Atmosphere in Space Cabins and Closed Environments

Besorgungstitel | Lieferzeit:3-5 Tage I
Karl Kammermeyer
433 g
235x155x15 mm

Springer Book Archives
1. Space Technology - Today's Challenge to Science.- 2. Medical Considerations in the Selection of Space Cabin Atmospheres.- 3. Weight Optimization of Flight Type Cryogenic Tankage Systems.- 4. An Electrolytic Process for Carbon Dioxide Separation and Oxygen Reclamation.- 5. Carbon Dioxide Conversion for Oxygen Recovery.- 6. Gaseous Diffusion Cells.- 7. New Approaches to Contaminant Control in Spacecraft.- 8. An Integrated Program Approach to the Control of Space Cabin Atmospheres.- 9. Algal Bioregenerative Systems.- 10. Carbon Dioxide Control by Enzymatic Reactions in Spacecraft Atmosphere.- 11. There's No Place Like Spome.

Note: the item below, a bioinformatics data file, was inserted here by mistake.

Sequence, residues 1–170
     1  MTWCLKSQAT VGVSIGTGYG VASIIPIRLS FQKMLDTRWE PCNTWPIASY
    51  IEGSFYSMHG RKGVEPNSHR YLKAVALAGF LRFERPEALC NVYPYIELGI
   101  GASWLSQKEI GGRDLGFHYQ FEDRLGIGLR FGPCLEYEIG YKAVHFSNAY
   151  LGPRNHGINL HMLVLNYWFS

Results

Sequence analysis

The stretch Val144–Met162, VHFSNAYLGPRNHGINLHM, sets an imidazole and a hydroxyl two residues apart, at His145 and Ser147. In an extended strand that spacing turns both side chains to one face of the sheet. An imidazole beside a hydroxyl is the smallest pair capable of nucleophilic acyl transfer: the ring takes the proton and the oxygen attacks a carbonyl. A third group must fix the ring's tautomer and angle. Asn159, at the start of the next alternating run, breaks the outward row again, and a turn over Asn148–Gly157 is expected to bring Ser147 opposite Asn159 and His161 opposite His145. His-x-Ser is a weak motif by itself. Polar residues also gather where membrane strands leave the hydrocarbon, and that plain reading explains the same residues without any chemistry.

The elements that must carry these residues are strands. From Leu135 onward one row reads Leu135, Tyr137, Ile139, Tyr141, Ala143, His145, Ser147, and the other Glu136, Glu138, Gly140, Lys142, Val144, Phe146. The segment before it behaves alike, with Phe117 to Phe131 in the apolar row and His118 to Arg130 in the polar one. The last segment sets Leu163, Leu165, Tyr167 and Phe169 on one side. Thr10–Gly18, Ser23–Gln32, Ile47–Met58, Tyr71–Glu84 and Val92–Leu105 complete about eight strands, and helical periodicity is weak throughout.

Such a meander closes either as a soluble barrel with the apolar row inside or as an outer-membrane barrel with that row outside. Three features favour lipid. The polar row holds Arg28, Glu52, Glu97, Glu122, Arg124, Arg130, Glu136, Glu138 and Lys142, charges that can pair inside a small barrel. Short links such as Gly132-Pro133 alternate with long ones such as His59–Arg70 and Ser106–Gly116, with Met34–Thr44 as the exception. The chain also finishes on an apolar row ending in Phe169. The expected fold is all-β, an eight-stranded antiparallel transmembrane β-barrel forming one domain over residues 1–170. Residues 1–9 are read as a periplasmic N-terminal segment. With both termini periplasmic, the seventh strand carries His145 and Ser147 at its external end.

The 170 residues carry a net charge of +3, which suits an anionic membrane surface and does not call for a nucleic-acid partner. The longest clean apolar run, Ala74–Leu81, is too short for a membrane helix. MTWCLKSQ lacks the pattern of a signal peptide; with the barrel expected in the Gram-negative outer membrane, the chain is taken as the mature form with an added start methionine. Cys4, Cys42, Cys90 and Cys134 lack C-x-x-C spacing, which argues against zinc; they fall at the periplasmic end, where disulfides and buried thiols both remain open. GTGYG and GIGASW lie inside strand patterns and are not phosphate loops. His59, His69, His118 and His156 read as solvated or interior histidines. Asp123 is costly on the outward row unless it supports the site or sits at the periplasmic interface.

MANNED SPACE FLIGHT introduces into space travel parameters that are unique. Man can live without food for a reasonably long period; without water, the period becomes quite a bit shorter; but without air, the result-almost instantaneous-is death. This would make the atmosphere the most important consideration. In fact, however, man needs all three components: oxygen, water, and food; and if anyone of them failS, he is doomed. With our space efforts approaching trips of several weeks in length and certainly heading for month-long journeys, it is most appropriate to ask: Are we ready to provide an adequate atmo­ spheric milieu for the astronauts? The present volume represents the first integrated attempt to answer this question on a scientific level and on a broad basis of physical and mechanical, biological, biochemical and medical factors. The main features of this work were presented at a symposium of the Division of Industrial and Engineering Chemistry of the American Chemical Society, held in Atlantic City on Septem­ ber 13, 1965. The volume is an expanded and reorganized treatise based on, but not merely proceeding from, the symposium. Obviously, medical aspects are of paramount importance. A down-to-earth appraisal of the status quo, presented by Dr. E. M. Roth, shows that the problem of 100% oxygen atmosphere still is beset with some uncertainty in the 200 to 500 mm. total cabin pressure range. Additionally, attention is called to inherent dangers of greatly increased flammability in such an atmosphere.

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